Although I have studied GDPR at length to ensure we at PressReader conform to it throughout our systems, you don’t need me to give you the lowdown on what GDPR means for business. There are more than enough experts out there who can educate those who need more information. Instead I want to talk about the opportunities GDPR brings to the bottom line of publishers.
Before GDPR came into effect, our industry was like most others, struggling with the mayhem that comes with digital transformation. We expected to be able to just reach out and touch everyone in the digital world with our content and that they would be overjoyed to receive it (If we write it, they will come.). In our haste to address the slump in the print advertising market, we prioritized scale over quality and subsequently lost the respect, trust, and consequently eyeballs of our audiences.
GDPR gives us a chance to reverse that trend and regain the confidence and attention of readers, but only if we embrace real permission-based marketing, value quality more than quantity, and treat people with the esteem they deserve rather than disregard, or worse, contempt.
Let’s start with these five steps…
1 . Never assume; always ask
At FIPP’s Digital Innovators Summit in March of this year, I heard Stefan Betzold of BILD, talk about the need for a US$10/month all-in mass media paid content model. It was refreshing to hear him recommend a collaborative and affordable aggregated platform for news. But he conceded that publishers were not open enough to support such a model because, “We are always trying to keep control of the user data, trying to keep control of our news.”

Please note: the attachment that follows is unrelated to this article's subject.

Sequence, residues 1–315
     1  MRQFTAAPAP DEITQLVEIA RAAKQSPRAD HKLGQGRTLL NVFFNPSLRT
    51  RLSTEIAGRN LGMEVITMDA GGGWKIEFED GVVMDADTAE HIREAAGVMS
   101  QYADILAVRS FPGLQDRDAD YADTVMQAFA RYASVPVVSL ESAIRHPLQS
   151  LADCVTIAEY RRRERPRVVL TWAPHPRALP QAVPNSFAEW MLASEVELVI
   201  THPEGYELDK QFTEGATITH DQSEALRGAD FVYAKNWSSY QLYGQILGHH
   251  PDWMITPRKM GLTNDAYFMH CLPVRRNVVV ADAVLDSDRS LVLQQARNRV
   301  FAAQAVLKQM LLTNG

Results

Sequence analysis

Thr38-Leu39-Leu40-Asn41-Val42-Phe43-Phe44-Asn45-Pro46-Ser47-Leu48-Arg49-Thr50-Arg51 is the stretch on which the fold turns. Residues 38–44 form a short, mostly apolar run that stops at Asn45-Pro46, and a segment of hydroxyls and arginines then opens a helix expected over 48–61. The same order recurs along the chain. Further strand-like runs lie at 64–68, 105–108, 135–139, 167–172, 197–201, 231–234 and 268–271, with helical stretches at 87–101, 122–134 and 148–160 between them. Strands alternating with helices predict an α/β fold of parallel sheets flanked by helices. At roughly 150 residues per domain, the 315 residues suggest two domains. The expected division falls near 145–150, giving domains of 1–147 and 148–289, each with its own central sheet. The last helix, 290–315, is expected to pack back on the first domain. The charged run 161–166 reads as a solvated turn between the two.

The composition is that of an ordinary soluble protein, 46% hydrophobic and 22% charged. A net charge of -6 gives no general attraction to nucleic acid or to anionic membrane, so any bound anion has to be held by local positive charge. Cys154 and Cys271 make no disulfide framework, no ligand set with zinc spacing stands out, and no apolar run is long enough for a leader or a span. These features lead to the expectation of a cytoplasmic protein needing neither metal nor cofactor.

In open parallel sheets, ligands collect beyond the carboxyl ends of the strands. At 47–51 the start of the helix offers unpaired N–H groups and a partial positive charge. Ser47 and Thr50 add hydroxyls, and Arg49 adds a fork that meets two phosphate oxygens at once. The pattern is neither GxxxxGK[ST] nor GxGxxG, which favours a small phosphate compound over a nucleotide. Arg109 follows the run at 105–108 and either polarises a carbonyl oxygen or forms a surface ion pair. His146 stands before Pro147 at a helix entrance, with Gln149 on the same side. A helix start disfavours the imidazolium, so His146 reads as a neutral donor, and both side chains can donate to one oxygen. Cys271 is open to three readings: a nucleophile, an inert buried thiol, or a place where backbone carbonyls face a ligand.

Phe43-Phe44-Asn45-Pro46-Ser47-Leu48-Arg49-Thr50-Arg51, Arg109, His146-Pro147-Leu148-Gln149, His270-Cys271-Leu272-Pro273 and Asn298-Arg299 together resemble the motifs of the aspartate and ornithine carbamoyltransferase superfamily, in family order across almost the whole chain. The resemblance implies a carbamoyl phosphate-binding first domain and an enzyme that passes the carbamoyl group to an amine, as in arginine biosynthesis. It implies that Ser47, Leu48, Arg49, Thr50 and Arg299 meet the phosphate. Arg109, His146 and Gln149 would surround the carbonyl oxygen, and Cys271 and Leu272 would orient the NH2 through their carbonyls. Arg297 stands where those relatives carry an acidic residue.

If he’s right then it would appear that many in our industry still don't understand that they’re not in charge anymore — people are. This was true before GDPR, but not really enforceable. Today, it’s a violation punishable by some pretty hefty fines.
So even if you have people in your database who subscribe regularly to your content, don’t assume they are okay with you using their contact information for marketing purposes. Because, as you may have heard, “When you assume, you make an ass of u and me."
My mom always said it’s a polite thing to ask, so err on the side of courtesy and always ask for permission first before ever using the personal data of others.
2 . Clean house
Over the past two decades we have collected digital data about readers and visitors from all over the webosphere — with little or no idea of its value, or lack thereof. Two years ago, Veritas reported that 85% of stored data is either dark, redundant, obsolete, or trivial — a digital dumping ground that could cumulatively cost organizations over US$3.T by 2020.
We all keep saying we are going to clean up our databases so we can engage more with people who really want to connect with us and/or each other, but we never do. There are so many more urgent things to take care of, like filling the sales funnel with what — more unqualified digital leads? Crazy!